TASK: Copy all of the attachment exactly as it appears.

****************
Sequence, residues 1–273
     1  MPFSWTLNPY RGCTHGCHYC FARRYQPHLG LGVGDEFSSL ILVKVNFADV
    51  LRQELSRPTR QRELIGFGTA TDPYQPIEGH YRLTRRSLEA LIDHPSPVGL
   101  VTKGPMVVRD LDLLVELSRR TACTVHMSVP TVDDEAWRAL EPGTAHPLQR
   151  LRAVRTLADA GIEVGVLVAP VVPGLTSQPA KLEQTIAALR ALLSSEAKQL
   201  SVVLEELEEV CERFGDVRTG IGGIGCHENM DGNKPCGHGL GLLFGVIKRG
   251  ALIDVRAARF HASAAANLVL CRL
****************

Sequence, residues 1–273
     1  MPFSWTLNPY RGCTHGCHYC FARRYQPHLG LGVGDEFSSL ILVKVNFADV
    51  LRQELSRPTR QRELIGFGTA TDPYQPIEGH YRLTRRSLEA LIDHPSPVGL
   101  VTKGPMVVRD LDLLVELSRR TACTVHMSVP TVDDEAWRAL EPGTAHPLQR
   151  LRAVRTLADA GIEVGVLVAP VVPGLTSQPA KLEQTIAALR ALLSSEAKQL
   201  SVVLEELEEV CERFGDVRTG IGGIGCHENM DGNKPCGHGL GLLFGVIKRG
   251  ALIDVRAARF HASAAANLVL CRL